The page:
There is so much confusion in our current place and time when it comes to our selves and what we consist of.
Some tell us that we are purely physical and have no need to consider any spiritual aspect.
Others tell us that the most important piece of us is the spiritual piece and we should disregard the physical altogether.
I confess that I tend to lean toward the latter. Most days I’d prefer to ignore my physical body completely and only tend to my spiritual life. There are probably many of you who lean the other way.
Both of these either/or views, however, don’t accurately depict the way God created humans.
God created man to be unique among all created beings. He created us to be the link between natural life and spiritual life, called to manifest his glory in both.
truly created a little lower than the angels, yet truly crowned with glory and worship, because in this unperfected human nature the Absolute Life itself has deigned to dwell. ~ Evelyn Underhill
We are the only beings created to be both physical and spiritual. We stand in the gap between heaven and earth, bringing God’s kingdom rule here on earth and reflecting the praises of creation back to God.
Rulers and priests.
Physical and spiritual.
It has helped me when thinking through this idea to think of the self as a house. Many theologians over the centuries have written of the self in this way.
St. Teresa of Avila, a Christian mystic in the 16th century, wrote a book called The Interior Castle in which she describes the movement between the lower floors of the castle (the physical self) and the upper floors (the spiritual self) as prayer.
Evelyn Underhill, a theologian from the early 1900’s, wrote of the self as a home with an upstairs (again, the spiritual self) and a downstairs (the physical body).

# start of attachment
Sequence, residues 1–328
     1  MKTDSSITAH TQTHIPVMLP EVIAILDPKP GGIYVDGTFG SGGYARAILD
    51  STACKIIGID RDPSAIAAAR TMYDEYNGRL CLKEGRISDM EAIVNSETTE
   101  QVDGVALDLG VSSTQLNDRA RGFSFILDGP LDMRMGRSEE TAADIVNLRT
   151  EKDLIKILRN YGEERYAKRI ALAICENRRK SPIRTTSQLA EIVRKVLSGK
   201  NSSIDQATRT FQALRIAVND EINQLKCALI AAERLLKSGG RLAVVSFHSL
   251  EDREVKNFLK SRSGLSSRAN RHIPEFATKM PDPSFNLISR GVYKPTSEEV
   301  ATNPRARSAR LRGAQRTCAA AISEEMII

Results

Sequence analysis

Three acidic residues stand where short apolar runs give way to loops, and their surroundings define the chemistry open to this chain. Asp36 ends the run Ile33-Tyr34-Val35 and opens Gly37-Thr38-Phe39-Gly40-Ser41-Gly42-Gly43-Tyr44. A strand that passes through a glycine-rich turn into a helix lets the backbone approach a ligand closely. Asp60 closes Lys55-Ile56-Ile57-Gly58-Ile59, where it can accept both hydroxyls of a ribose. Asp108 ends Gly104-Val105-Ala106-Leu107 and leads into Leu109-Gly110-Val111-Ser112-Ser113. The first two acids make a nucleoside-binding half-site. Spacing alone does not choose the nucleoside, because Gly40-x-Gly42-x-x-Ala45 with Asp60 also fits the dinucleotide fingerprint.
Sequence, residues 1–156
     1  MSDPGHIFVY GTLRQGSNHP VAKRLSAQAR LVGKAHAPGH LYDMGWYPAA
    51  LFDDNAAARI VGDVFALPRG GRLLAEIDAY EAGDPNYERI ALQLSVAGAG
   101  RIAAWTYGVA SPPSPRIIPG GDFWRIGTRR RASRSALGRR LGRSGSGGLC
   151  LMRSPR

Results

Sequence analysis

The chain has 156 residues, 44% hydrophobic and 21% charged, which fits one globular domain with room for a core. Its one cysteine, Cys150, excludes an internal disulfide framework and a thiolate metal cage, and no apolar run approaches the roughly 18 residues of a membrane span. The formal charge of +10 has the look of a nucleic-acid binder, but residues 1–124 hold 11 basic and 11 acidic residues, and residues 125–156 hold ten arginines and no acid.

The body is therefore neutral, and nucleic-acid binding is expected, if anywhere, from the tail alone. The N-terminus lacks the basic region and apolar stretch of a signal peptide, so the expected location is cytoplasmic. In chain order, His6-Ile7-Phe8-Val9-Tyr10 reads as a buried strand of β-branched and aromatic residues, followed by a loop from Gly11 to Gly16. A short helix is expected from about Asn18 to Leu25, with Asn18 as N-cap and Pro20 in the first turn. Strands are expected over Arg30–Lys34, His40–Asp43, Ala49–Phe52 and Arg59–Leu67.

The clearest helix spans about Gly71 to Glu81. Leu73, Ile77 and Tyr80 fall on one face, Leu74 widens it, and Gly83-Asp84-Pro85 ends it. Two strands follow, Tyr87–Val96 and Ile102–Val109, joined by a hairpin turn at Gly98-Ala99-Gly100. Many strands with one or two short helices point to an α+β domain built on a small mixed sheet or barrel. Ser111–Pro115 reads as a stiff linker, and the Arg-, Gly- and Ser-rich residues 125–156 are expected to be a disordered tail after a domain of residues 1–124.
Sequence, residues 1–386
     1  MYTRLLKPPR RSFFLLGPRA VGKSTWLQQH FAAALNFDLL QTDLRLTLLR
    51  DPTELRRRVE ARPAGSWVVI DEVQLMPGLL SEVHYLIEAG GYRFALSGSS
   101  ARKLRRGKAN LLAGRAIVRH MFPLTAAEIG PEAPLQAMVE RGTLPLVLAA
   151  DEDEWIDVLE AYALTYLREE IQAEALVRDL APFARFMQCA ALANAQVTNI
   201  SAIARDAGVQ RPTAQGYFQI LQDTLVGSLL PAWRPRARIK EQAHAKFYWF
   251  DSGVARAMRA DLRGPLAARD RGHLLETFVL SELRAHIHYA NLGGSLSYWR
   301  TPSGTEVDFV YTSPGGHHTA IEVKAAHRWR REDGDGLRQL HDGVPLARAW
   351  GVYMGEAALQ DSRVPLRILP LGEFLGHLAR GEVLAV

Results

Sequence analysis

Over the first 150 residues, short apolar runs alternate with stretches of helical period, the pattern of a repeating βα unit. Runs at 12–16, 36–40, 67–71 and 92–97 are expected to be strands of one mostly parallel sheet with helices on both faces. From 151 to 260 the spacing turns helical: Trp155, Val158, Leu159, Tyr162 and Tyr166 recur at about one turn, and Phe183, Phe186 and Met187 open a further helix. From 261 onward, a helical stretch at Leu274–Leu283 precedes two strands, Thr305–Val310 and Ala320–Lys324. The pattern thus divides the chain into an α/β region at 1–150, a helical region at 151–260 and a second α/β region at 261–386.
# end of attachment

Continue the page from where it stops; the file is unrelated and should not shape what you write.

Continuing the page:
Both floors of the home are necessary. Taking care of both is essential to being a whole person in the way God intended for us to be.
Therefore a full and wholesome spiritual life can never consist of living upstairs, and forgetting to consider the ground floor and its homely uses and needs; thus ignoring the humbling fact that those upper rooms are entirely supported by it. ~ Underhill
I feel as though those words were written directly to me.
I not only tend to forget the “humbling fact that those upper rooms are entirely supported by” the ground floor, I sin against my Creator when I disparage my physical body as unimportant or less than.
Back to the singularness of human beings, the strength of our “house” consists in that “intimate welding together of the divine and the human.” (Underhill)
That intimate welding together found its perfection in the humanity and deity of Christ.
That intimate welding together is what you and I must aim toward if we are to become like Jesus, become the kind of human we were created to be.
We were created to be a whole house, with the lower and upper floors intimately welded together for the glory of God.
Art credits: painting is by Thomas Kinkade; photo of light through trees is by Kirk Sewell